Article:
That particular analysis may essentially relate the above discussed predicament of PCI CEO Strauss, to restate that “challenging framework of expanding PCI ventures to define the variety of organic perishable goods, and determining the business-policy environment of the industry to specify the categories of goods, market segmentation, supply and distribution, status of production and market, and the competitive advantages of PCI business model” (2).
As cited from the case study, it defined that “organic” is a given term for agricultural products that are under strict commercial production and marketing under the authorization of the Federal Organic Foods Production Act of 1990 (FOFPA) that regulates the export and import distribution or supply (4).
As quoted in verbatim from Title 7 in Chapter 94 of FOFPA 1990, otherwise known as US Federal Code 6505, the statute states that “imported agricultural products may be sold or labeled as organically produced if the Secretary of the US Department of Agriculture or its authorized entity has determined that organic products have been produced and handled under an organic certification program that provides safeguards and guidelines governing the production and handling of such products” (1).
Therefore, PCI must look into the “business-policy environment” adherent to promulgating the restrictions of law in marketing of organic perishable goods. It may be further analyzed that the expansive modality of PCI in categorizing and identifying the product and target market consumer could have been developed or encouraged in the indicated data on organic foods consumption in the US alone.
According to the 2004 Whole Foods Market data that has been indicated in the case study, 69 percent of American consumers are organic food eaters, but the industry growth in organic food production do not meet the existing consumer demand. Hence, the 69 percent of consumer market composes the group of children and senior citizens as majority consumers, in which unmistakably the PCI’s target market segment. The illustration below shows the categories of organic goods and the percentage consumers’ purchases (5):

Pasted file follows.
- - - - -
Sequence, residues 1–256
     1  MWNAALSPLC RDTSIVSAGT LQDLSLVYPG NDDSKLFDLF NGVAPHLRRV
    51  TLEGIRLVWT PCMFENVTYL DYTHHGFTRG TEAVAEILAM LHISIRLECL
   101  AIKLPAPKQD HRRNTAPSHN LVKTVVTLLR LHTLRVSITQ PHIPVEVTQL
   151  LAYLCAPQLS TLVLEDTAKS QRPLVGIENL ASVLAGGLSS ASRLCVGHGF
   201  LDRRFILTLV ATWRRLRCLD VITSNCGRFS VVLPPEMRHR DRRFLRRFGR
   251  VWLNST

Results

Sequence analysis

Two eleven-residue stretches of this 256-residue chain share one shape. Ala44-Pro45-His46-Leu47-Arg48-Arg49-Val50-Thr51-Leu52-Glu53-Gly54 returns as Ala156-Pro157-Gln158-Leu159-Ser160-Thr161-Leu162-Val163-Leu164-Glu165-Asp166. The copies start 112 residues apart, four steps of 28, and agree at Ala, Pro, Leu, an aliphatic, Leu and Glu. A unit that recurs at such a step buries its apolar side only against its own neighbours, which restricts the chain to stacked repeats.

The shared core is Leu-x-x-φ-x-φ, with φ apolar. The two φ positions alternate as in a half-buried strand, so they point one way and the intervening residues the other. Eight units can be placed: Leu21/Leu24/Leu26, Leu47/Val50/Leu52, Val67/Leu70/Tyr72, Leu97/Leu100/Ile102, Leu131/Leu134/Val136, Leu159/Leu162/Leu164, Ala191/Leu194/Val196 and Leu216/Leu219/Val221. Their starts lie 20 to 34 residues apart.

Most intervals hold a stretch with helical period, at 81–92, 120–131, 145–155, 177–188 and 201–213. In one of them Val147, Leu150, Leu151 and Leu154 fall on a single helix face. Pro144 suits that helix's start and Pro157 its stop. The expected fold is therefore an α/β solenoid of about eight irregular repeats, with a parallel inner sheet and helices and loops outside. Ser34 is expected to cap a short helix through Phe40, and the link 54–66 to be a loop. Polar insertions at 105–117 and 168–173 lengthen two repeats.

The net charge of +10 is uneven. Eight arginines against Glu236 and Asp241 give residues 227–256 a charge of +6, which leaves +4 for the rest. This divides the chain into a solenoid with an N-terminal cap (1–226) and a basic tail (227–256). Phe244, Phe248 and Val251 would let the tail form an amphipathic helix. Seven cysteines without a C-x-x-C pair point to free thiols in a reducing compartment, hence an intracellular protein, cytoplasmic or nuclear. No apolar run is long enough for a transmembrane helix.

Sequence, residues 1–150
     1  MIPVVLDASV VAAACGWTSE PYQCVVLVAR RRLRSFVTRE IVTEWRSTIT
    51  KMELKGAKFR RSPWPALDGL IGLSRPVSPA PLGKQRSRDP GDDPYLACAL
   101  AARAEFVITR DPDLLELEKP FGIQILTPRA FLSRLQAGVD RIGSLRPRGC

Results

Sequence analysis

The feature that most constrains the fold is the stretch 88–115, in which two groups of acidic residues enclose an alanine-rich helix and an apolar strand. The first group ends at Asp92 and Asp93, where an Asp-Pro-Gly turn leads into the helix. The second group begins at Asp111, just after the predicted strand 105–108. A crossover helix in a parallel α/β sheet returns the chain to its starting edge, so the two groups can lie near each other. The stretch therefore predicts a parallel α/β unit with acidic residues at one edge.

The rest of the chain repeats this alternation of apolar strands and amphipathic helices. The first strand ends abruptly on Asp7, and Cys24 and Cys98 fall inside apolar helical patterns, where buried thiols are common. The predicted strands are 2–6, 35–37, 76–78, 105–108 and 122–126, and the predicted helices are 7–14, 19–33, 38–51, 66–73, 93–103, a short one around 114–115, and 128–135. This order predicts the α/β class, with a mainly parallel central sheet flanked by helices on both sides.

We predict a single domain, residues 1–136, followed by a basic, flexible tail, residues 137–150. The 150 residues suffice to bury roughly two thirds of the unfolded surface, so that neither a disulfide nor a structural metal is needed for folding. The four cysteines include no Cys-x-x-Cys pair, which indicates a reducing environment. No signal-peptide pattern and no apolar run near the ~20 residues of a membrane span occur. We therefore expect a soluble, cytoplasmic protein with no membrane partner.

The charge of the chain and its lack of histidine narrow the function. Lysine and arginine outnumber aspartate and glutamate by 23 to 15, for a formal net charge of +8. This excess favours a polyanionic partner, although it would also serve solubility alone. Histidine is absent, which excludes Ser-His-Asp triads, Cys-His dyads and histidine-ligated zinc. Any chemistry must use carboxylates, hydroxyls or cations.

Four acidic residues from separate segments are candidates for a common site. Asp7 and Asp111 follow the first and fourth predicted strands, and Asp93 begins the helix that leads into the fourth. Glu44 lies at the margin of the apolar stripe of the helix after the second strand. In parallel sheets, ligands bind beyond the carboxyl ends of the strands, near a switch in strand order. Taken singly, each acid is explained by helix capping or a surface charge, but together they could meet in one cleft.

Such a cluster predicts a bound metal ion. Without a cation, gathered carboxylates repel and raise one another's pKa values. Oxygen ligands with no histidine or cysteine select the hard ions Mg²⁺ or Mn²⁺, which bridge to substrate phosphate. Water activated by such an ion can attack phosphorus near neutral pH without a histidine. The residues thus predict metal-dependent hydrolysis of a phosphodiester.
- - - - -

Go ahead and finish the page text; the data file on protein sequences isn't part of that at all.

Indicative of the above illustration of data, the case study pointed out the market segment in which the industry players [like PCI] must look into the basic fundamentals of organic foods production. As cited, organic food production needs the relevant know-how and economic orientation of farmers in organic cultivation, wherein the traditional farming method must be advocated in order to ensure organically grown agricultural products, such as in livestock, aquaculture, flower and ornamental plants, vegetables and plantation crops of fruit bearing trees (6).
Essentially, organic farming is not only the traditional farming method but coupled with technology that eliminates the use of pesticides and synthetic fertilizers. As previously discussed, the category of market and identified target market consumers challenges the expansion modalities of PCI. In so doing, the case study has indicated the situation wherein analyzed.
The illustration below may further determine the framing of resolution, formulate, synthesize and indicate the adaptable measures: Source: Case Study, Onwugbenu et al. (2005) The structure of the Organic Perishable Goods Industry indicates a vast market opportunity for PCI. However, it may be noticed that the four (4) segments of the industry, such as (1) regulation, (2) marketing, (3) advertising and promotion, and (4) technology segments, are needing due attention.
Therefore PCI must redefine, reassess and reinvent its business operational framework within the confines of the above mentioned segments of industry (7). Firstly, with regard to regulation, PCI must determine the business-policy environment affecting the mandate of FOFPA 1990 in order to formulate organizational policy measures that complies with the existing regulatory law in production, selling or marketing, distribution of organic perishable goods.
Relevant to this, the study-research conducted by Fabien Tondel and Timothy Woods entitled: ‘Supply Chain Management and the Changing Structure of US Organic Produce Markets’ which was published by the Department of Agricultural Economics at the University of Kentucky in 2006 has implied the critical role of commercial traders in examining and realigning their organizational policies in the market distribution of organic perishable goods.
In which case, PCI must adopt an organizational framework that addresses its role in organic perishable goods industry. Secondly on marketing, PCI can categorically pursue its marketing expansion [with the specialty product specified consumers] by reconsidering the fact that organic perishable goods has a potential market, although marketing of organic products finds relevance in the existing Federal statutes that may somehow restrict the overall marketing venture.